I saw a tweet the other day by a CS teacher. They were talking about how much easier it is to teach CS because it's fun.
They went on about how they get to create cool problems which makes it so much easier to teach than other subjects.
I've heard this a lot over the years particularly from teachers who are into gaming - "CS is fun because you can create games."
Sorry but I have to disagree.
Don't get me wrong. I think CS is fun (and I'm not a game person) but just because I find it fun doesn't mean it's inherently fun.
I used to think like those teachers posting but one day, early in my career I was observed by my principal. She liked the lesson but focused in on one thing. At one point I mentioned that we could use a specific new technique and that it was "cool." She asked me "why is it cool?" and more importantly "why should it be cool for them?" That got me thinking. It was cool to me for a variety of reasons but the truth was that in a class of 30 high school students, what's cool for one person is probably not cool for everyone.
That observation stuck with me. Something that's cool for some of us isn't for others. A teacher and some students might love making games but it does nothing for me and for many students. Same thing for the general building stuff or solving problems. The set of things that will and won't motivate students in a CS class is a large one indeed. Now, this doesn't mean don't do, for instance, games but rather understand that your students will have a wide range of interests so if you do a unit that focuses on games, maybe do other things in your other units.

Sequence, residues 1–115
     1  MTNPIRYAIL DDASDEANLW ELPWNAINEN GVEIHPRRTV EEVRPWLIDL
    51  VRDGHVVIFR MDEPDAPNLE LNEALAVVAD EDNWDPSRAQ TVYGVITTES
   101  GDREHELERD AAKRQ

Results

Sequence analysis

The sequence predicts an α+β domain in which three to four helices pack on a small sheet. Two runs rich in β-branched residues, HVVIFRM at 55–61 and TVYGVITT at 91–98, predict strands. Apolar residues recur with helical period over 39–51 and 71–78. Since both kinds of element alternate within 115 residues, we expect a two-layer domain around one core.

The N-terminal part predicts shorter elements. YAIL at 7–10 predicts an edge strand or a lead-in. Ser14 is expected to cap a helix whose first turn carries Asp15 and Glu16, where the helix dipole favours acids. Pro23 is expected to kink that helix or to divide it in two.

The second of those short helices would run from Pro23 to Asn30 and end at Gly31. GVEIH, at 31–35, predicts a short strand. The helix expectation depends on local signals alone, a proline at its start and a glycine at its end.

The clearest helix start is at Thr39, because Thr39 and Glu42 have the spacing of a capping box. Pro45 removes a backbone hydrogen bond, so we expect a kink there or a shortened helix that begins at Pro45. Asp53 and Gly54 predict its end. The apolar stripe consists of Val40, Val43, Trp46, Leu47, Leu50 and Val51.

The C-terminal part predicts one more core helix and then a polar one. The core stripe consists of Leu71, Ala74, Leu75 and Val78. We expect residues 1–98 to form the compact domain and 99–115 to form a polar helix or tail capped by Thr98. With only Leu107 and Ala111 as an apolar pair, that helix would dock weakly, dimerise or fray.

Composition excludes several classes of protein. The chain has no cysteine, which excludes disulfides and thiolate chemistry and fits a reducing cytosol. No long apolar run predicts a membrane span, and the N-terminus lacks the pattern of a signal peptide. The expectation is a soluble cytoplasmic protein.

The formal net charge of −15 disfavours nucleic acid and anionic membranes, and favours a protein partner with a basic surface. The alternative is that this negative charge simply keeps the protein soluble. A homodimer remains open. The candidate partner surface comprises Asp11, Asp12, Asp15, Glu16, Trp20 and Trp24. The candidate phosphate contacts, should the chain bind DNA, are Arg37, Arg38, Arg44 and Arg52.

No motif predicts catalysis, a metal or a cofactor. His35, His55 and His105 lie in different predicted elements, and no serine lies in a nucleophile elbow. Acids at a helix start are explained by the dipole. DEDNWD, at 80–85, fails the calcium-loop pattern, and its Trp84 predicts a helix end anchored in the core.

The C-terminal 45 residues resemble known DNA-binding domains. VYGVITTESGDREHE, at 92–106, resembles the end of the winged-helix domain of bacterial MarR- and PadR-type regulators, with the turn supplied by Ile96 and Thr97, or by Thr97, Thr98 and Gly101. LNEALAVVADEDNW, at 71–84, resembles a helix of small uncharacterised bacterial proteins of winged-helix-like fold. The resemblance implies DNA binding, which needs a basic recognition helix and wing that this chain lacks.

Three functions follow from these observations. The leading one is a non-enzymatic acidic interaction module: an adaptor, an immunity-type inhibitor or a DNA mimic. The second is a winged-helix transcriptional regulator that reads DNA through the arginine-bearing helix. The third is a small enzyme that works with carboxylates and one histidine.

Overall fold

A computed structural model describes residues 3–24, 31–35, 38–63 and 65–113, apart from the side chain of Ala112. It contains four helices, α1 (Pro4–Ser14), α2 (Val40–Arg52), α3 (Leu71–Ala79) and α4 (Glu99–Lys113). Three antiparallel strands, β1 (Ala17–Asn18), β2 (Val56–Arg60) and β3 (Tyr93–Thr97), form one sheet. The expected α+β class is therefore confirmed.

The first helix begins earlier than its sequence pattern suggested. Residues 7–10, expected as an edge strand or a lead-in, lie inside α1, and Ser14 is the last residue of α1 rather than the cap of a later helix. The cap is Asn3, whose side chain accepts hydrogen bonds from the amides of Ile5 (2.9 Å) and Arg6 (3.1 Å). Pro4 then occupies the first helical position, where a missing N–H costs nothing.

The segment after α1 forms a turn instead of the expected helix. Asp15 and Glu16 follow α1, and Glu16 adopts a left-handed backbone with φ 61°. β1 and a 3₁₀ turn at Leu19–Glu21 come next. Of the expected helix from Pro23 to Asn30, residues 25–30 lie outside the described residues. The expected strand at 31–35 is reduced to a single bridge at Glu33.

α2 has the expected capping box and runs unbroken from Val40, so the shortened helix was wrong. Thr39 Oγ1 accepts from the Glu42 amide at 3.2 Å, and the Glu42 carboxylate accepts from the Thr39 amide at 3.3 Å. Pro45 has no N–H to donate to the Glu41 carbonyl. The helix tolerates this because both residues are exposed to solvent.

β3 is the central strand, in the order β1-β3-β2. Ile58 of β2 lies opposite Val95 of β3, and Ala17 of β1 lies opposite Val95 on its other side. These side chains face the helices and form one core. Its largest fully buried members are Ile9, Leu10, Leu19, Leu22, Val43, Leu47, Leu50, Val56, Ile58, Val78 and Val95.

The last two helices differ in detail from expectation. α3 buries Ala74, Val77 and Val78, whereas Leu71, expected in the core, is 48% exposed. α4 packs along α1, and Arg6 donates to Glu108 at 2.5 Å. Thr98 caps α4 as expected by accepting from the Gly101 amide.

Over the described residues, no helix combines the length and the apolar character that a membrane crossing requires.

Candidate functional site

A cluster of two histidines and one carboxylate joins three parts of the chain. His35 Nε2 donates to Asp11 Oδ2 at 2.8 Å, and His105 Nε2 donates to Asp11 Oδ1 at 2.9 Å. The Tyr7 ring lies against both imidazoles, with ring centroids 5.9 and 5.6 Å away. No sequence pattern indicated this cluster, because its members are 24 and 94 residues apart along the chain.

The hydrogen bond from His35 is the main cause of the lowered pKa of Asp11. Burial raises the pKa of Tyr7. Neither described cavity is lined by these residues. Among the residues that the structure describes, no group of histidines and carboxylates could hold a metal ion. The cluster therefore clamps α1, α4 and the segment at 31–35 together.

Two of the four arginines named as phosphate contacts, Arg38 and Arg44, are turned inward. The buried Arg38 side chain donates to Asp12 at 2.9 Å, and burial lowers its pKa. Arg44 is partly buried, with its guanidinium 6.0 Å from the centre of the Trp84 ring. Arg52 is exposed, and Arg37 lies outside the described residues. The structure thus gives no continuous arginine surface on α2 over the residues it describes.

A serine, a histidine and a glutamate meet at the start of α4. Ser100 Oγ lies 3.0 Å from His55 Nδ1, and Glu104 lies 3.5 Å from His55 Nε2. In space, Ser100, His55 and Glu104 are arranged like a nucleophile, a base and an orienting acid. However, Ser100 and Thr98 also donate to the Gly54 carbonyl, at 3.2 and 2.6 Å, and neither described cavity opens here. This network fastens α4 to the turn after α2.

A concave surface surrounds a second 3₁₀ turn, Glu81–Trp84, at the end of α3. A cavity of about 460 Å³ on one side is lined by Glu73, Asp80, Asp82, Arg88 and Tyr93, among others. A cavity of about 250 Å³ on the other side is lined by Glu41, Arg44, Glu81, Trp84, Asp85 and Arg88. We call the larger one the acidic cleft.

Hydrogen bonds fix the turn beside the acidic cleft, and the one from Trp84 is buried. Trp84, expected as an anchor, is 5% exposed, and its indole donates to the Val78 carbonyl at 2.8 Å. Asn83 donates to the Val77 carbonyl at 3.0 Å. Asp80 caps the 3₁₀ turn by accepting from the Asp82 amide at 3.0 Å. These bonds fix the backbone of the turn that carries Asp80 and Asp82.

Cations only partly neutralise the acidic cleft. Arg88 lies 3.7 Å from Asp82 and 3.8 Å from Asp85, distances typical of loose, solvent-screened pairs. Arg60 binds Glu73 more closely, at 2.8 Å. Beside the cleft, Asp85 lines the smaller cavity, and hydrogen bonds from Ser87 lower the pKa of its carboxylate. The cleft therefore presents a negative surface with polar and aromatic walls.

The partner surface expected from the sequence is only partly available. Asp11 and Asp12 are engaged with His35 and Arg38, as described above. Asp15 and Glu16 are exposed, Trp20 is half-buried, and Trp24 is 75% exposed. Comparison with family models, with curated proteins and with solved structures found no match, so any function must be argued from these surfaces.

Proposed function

A second issue I have with the "CS is fun" thing is that it implies that it's all fun and games and not work. This is particularly a problem transitioning from a CS0 to a CS1 class. If you don't set up the transition correctly students will find CS1 much more challenging and harder and if it's too hard or too challenging that's not fun. Besides, even if the class is fun, which should include being challenging at the right level there will be times where things are just not fun and that's even with the best teacher.
The final thing that I find off putting about all the "computer science is fun" posts. I think it's unfair to other teachers and other subjects. History can be tremendous fun - stories, adventures, mysteries, predictions and more. It can be taught through traditional lessons, role play, art music and the list goes on. English? That's also stories, adventures, mysteries etc.. Physics? How about show and tell how the world works? To say we have the monopoly on fun is not true and unfair. We currently don't have the burden history which strictly dictates what, how, and when we teach but we're getting there quickly.
The truth is that CS will be inherently fun for some just like any other subject and the specifics of what and how a class is taught and to whom can greatly influence the level of fun. A strong teacher who's passionate about games teaching a game development elective will probably be fun for most or all participants but if it were a required course, not so much.
CS is our field, we find it fun and interesting and we want to bring our passion to our students. That's all good but let's remember that it's not special and we're not special. The same can be said for other subjects and other teachers and we have to remember that it's not about our passions but rather those of our students.